Project management involves a cycle of processes. These cycles for defining, designing, developing, and delivering a deliverable vary according to organization.
The classical project management approach and DoD cycles provide two examples of most widely used project management cycles. The classic project management cycle has been described by many authors. For instance, David I. Cleland (2002) in Project Management, Strategic Design, and Implementation discusses a generic project management life cycle including conceptual, definition, production, operation, and divestment. This approach is also detailed by Harold Kerzner (2003) in Project Management. The five phases generally involve the following functions:
1. Conceptual. This is the phase in which objectives and goals are set and specifications determined. It is in this phase that projects are outlined and modeled to assure that the project deliverable is understood. Often the assumption is that the customer—the sponsoring agency or firm has already determined the priority and need for the project deliverable, and that the basic role of the project team is to deliver it within schedule and budget. Traditional project management does not make much room for involvement of the project team with the customer in selecting the project, much less assuring that it results from a quality improvement process performance within the customer's organization and environment.
2. Definition. This is the process of defining the project deliverable in terms of a work breakdown structure (WBS), a budget and schedule, and a critical path network. This is where the WBS provides an organizational and hierarchical look at the project, showing basic interdependencies and interrelationships with the project task structure. A scope of work, budget, and schedule is drawn up in this phase, and the project team is developed around the tasks.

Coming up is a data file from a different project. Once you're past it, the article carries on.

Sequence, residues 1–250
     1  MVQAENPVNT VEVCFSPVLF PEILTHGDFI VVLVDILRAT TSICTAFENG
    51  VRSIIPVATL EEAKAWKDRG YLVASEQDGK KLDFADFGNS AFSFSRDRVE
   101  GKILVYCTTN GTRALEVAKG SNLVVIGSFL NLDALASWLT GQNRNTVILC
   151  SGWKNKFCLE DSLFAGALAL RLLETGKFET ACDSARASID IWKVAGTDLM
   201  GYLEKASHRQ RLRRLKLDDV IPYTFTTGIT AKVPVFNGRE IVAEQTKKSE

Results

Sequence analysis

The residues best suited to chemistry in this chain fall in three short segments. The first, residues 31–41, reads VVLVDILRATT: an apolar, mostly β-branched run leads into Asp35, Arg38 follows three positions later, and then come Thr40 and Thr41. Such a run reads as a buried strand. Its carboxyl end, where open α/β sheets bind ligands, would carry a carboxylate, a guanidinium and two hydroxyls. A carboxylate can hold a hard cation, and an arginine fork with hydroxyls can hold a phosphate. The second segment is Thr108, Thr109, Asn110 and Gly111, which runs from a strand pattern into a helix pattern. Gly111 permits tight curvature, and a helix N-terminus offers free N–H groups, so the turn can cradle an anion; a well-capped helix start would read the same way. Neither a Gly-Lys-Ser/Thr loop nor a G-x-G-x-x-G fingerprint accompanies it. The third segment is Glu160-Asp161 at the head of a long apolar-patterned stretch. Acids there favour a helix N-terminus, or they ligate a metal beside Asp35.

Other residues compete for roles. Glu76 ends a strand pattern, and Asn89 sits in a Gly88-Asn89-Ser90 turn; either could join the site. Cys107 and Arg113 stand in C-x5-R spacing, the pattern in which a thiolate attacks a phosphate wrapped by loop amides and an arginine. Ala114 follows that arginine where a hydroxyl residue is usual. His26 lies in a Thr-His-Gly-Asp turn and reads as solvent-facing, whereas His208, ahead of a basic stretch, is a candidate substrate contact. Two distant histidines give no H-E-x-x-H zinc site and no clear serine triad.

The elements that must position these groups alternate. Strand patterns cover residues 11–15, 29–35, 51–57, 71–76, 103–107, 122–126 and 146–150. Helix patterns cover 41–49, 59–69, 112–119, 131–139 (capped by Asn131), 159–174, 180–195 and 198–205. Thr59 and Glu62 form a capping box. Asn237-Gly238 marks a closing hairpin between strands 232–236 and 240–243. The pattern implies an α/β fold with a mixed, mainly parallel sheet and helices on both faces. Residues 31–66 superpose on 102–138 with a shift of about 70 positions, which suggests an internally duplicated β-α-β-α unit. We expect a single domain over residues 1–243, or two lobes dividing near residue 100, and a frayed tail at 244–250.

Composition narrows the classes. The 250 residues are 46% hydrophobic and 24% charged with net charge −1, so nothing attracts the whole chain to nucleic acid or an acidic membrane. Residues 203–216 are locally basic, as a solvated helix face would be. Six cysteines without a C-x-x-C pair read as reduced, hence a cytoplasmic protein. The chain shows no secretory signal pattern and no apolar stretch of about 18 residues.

3. Production. It is in this phase that the project deliverable is actually produced or "prototyped," so that testing and measuring can proceed. Production involves lining up all the required resources and integrating them according to their interdependencies as shown in the WBS.
4. Operations. Here the project deliverable is installed, tested, and measured in operation, with the customer or user. Operations assure that the project deliverable, whether a system, product, or a new service, conforms with the original specifications.
5. Divestment. Divestment involves documenting the project and closing it down. Here the team members are typically selected for other project teams and the project books are closed.
Within the DoD, the project management cycle is described as the seven phase acquisition cycle. The seven phase acquisition cycle as described in James V. Jones's Integrated Logistics Support Handbook (2004) includes:
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What you need to know about… Project Management Made Easy! Project management consists of more than just a large building project and can encompass small projects as well. No matter what the size of your project, you need to have some sort of project management. How you manage your project has everything to do with its outcome.